The local church is one of the round tower churches that are found almost exclusively in Norfolk and Suffolk.

Sadly St Andrew's was heavily 'restored' in the Victorian era so there is little of interest inside in spite of the fact that the tower and nave are Norman and there is mention of a church in this village in the Domesday Book. One of the few remaining medieval features is the 14th century piscina in the chancel.

This is the south aisle which had been recently decorated for Harvest Festival I think, this is by far the most attractive and interesting part of the church. On the left is the shaft and lower half of the bowl of the 15th century font which has now been replaced by a far less attractive modern version. Behind the font are the rood loft stairs. Since they start quite a way up the wall it rather looks as though either the floor levels have altered since the Reformation in the 16th century or, more likely in this case I think, there may have been a wooden stage giving access to the stairs.

There were two gravestones in the interior of the church one hidden by a piece of carpet, this one I found interesting as it is written entirely in Latin which seems to me to be quite unusual. My Latin is distinctly rusty but the grave is the final resting place of John Hobart born 3rd July 1605 and died in 1673. I rather think that his parents Sir John and Lady Barbara Hobart are buried in London in the church of St Botolph Bishopsgate - as it happens a great many of DH's ancestors are also buried there!

The view from my bedroom window - this was ploughed and harrowed during the time I was there and will now be sown probably with winter wheat. Hopefully I shall get round to commenting on blogs during this week and be back posting regularly. Thank you all so much for your concern and good wishes for Neil, it was greatly appreciated.

Saturday, September 08, 2012

Blog Break

I am currently in Suffolk as my son has been in Norwich Hospital with a broken back since last Monday. He is doing OK fortunately and has managed to stand and walk a few steps today but for the next two or three weeks at least I shall be staying here to help my daughter-in-law in any way I can. Although I have internet access I simply don't have time to post at the moment. I shall be back eventually :)

Edited to add that Neil is home from hospital now and is doing well. He's walking albeit very slowly but any progress is very welcome. Thank you so much for all your good wishes, they are much appreciated.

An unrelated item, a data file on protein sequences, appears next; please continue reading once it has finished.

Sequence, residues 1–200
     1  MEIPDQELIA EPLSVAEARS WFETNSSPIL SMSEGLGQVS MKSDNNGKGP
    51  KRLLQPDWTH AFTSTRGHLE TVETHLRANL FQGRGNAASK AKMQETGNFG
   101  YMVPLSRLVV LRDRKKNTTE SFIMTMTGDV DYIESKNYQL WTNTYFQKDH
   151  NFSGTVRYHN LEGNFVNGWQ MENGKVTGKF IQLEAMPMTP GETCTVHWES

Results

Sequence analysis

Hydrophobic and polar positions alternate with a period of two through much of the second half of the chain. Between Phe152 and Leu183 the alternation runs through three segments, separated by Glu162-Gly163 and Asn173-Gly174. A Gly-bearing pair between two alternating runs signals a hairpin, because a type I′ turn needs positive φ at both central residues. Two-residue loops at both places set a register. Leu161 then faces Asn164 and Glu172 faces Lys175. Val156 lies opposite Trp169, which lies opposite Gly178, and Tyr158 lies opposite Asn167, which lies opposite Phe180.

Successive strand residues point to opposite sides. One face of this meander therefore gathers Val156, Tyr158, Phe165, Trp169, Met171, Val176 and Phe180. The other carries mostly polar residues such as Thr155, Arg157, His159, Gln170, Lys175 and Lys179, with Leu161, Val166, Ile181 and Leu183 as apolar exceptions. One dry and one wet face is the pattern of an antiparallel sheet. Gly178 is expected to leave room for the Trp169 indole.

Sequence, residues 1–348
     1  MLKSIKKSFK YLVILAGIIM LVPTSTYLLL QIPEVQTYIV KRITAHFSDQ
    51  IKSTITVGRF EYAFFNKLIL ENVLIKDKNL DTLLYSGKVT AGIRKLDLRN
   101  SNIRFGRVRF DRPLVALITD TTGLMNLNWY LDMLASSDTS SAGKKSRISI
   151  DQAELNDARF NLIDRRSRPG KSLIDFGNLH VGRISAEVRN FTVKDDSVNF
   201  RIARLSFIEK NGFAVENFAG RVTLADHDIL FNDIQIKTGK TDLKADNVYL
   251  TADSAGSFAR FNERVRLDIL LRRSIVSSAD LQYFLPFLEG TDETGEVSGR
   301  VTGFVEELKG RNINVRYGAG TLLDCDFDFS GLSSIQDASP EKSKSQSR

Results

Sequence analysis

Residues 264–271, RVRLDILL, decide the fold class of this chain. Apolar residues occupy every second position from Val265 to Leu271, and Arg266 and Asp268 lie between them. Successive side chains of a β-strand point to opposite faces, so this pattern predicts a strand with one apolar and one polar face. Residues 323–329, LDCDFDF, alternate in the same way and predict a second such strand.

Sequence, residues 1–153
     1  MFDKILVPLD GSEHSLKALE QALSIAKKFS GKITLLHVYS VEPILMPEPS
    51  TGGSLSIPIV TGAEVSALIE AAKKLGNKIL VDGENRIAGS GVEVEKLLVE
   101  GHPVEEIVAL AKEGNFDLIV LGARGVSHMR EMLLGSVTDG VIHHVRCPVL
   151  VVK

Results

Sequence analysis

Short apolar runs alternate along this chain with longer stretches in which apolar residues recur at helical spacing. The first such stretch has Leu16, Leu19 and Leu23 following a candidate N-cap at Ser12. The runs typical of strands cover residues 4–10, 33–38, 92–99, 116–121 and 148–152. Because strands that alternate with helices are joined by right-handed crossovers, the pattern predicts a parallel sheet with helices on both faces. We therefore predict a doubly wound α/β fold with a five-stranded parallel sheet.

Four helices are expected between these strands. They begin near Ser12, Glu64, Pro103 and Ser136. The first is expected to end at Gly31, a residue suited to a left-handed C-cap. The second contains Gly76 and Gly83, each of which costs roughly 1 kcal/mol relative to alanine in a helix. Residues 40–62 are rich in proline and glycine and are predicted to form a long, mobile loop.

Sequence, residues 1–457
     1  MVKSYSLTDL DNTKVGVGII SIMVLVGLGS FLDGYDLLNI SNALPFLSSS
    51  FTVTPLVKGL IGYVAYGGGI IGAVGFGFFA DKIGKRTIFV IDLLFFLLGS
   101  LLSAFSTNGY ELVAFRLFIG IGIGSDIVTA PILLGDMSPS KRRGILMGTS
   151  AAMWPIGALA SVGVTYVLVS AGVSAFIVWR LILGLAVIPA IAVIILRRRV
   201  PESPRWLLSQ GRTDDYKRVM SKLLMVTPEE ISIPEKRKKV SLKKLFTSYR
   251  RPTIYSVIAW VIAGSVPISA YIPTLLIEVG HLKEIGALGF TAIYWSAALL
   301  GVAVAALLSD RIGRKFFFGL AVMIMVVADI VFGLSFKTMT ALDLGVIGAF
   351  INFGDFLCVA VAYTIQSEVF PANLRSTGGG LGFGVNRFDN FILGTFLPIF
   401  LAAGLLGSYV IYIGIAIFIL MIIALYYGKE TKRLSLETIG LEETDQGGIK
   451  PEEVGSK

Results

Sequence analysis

Thursday, August 30, 2012

The Medieval Peasant

Last week I was in Sussex for 'A Medieval Experience Day' at the Weald and Downland Museum - always one of my favourite places to visit. It wasn't quite what I expected as I'd thought we'd go through a fairly typical day in the life of a medieval peasant from getting up to going to bed. It wasn't quite like that but it still was very enjoyable and interesting. Later in the day we got chance to dress in period clothing which was probably my favourite bit - I just love dressing up:) The costume is absolutely authentic being hand sewn and using the same fabric that would have been available in the medieval period. The belt is a cord woven on a lucet and threaded on to the belt is my knife in a leather scabbard and a cloth pouch which would contain various personal bits and pieces. They aren't visible in the photo but I'm also wearing a pair of black leather boots.

I'm standing in the doorway of 'my' cottage which is actually Hangleton, a reconstruction based on archaeological evidence from a 13th century flint cottage in the deserted medieval Sussex village of that name. A home like this would have made me a fairly well off peasant, the poor would simply have lived in hovels made of sticks, straw and mud.

This is the back wall of the main room showing the window, you can see how small it is. Since there was no glass in those days (unless you were extremely wealthy) it would have been very draughty indeed in the cold weather even with the wooden shutter closed. Hangleton only has two windows, this one and one in the small inner room. You can imagine how dark it is inside even on a summer's day.

This is the small inner room and on the right you can just see the corner of the bread oven.

The bread oven which is really rather large for such a small cottage. Our tutor thought that it would probably be used to bake bread and pies for other villagers who had no oven of their own.